"But of course when is politics not a display of the follies of men?" ~Debra Dean Murphy on Abe Lincoln, recent sex scandals, and our loneliness.
The ShortFormBlog points out the push and pull of Congressional whimsy:
- action A couple weeks ago, Rep. Peter King attracted controversy by launching a Congressional hearing titled “The Radicalization of American Muslims.”
- reaction At the behest of Illinois Democrat Dick Durbin, the Senate will be holding a hearing titled “Protecting the Civil Rights of American Muslims.” source
On the other hand, I have to wonder if the Senate’s gesture can possibly heal some of the pain caused by Rep. King’s efforts and media outreach.
The crescent-topped dome of Masjid An-Nasr peeks through trees of a residential neighborhood in Oklahoma City. (photo: Andrew Shockley/Flickr)
Hailing from Canada, where referendums are few and far between, I’m fascinated by some of the questions on the U.S. ballots. This year I was particularly interested in Oklahoma ballot measure 755 [bold emphasis mine]:
A riveting piece from Religion Dispatches on an Mormon elder's apology over the LDS Church's activism on Prop 8.
Biblical quotes displayed in Washington, DC for the 2006 National Day of Prayer.
(photo: Street Protest TV/Flickr)
Members of the U.S. Supreme Court pose for a group photograph on September 29, 2009.
Front row (l-r): Anthony M. Kennedy, John Paul Stevens, John G. Roberts, Antonin Scalia, Clarence Thomas. Back row (l-r): Samuel Alito Jr., Ruth Bader Ginsburg, Stephen Breyer, Sonia Sotomayor. (photo: Mark Wilson/Getty Images)
On April 9th, Justice Stevens announced his upcoming retirement from the U.S. Supreme Court. The loss of the lone Protestant on the Court, in a country with 51% Protestants, has sparked a vigorous media discussion. Pundits and journalists are asking how, and if, this will impact future Court discussions, and if religion should even be a consideration when selecting Justice Stevens’ replacement.
NYT’s Lens blog posted a fun entry about Senator Patrick Leahy’s personal photography as he operates from a unique vantage point within the hallowed halls and meeting rooms of Washington D.C. As interesting as the many photos of presidents and legislators are, it’s this “conscience picture” — a portrait he took of an El Salvadoran man in a refugee camp in 1987 — that I find most intriguing, most grounding.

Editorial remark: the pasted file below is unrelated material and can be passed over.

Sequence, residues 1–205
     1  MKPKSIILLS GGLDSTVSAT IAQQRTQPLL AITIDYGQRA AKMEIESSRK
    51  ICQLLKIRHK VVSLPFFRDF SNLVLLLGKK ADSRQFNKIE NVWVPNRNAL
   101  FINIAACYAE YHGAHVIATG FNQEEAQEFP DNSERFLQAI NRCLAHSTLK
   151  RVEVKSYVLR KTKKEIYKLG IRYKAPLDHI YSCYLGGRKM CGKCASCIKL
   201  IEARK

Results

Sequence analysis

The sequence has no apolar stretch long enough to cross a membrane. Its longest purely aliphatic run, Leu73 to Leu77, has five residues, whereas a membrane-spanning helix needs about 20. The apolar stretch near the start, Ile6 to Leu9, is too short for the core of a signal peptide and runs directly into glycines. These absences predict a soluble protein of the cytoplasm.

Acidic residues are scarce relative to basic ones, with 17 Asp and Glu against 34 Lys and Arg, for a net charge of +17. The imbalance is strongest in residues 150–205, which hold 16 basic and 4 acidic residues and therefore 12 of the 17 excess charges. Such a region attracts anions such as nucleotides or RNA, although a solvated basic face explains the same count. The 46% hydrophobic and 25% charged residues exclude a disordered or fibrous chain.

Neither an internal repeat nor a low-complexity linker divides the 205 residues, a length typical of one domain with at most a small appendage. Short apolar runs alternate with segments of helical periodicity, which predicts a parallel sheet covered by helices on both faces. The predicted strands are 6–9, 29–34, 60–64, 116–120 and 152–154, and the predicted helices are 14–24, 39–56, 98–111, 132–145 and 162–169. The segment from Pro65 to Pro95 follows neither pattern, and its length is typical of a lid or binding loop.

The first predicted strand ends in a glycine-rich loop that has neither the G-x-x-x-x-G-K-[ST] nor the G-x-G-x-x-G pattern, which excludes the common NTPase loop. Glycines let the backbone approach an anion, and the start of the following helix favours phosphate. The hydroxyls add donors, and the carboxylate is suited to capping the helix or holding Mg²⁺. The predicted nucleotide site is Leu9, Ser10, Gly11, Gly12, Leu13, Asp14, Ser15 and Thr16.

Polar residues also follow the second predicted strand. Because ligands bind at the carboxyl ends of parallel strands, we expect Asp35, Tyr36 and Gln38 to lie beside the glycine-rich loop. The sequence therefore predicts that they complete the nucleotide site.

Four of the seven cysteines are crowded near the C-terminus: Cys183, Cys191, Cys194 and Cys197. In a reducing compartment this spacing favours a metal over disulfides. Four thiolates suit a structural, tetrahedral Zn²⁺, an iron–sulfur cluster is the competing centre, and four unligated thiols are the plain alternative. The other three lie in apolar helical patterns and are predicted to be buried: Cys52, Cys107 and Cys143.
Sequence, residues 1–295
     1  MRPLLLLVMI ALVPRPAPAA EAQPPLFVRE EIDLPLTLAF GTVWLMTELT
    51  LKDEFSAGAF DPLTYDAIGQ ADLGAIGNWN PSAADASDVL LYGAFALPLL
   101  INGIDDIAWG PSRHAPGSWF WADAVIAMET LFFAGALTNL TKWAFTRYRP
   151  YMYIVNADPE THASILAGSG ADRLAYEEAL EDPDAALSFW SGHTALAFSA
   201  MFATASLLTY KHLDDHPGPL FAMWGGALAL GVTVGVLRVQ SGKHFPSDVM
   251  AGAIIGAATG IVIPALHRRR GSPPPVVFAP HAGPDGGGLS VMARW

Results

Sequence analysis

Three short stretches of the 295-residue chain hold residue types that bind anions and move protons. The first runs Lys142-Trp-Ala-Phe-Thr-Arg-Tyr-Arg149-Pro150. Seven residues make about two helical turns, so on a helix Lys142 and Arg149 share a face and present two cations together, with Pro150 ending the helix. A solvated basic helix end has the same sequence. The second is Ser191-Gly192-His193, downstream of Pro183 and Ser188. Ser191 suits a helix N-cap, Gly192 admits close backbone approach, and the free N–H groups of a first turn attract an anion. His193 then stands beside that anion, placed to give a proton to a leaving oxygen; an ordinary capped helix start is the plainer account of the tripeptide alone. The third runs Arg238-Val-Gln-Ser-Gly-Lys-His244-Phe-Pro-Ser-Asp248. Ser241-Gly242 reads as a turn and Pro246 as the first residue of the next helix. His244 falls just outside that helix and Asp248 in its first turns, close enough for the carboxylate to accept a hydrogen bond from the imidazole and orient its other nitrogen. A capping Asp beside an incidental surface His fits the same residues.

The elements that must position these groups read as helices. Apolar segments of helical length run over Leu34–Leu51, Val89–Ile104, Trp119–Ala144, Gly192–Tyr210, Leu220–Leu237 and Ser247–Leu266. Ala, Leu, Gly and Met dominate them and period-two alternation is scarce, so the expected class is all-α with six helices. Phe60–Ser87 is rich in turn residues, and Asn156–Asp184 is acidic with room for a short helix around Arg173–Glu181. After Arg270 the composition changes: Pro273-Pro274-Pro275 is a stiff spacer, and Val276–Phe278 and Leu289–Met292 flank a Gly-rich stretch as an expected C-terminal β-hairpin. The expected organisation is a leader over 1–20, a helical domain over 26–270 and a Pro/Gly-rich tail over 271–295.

Calling it "her greatest accomplishment," Eleanor Roosevelt was a primary instigator behind the creation of the Universal Declaration of Human Rights which declares the dignity of all people.
After the earthquake first shook Haiti, we reached out to Bellegarde-Smith again asking about the context he brings to the current tragedy and its future consequences. Share his insight here.
A must-watch performance. And, a rather heart-warming back story from the senior senator from Utah.
When prayer became a necessity for one government official.
Here’s a fascinating case of modern law meets 5000-year-old religious tradition. At the end of October, the British Supreme Court decided that — in the case of accepting applicants to a Jewish high school — observance, not ethnicity, should be used in determining admissions. From Sarah Lyall’s New York Times write-up on the ruling:
“In an explosive decision, the court concluded that basing school admissions on a classic test of Judaism — whether one’s mother is Jewish — was by definition discriminatory. Whether the rationale was ‘benign or malignant, theological or supremacist,’ the court wrote, ‘makes it no less and no more unlawful.’”
The Supreme Court candidate shares the impact of television on her life as a prosecutor to the U.S. Senate.
Two examples of individuals who confronted the status quo, and were ultimately vindicated.
A passage from Torture and Democracy with a view of Rejali's personal stake in this subject.
Some stunning photos capturing DuBois' night at the Fitzgerald Theater.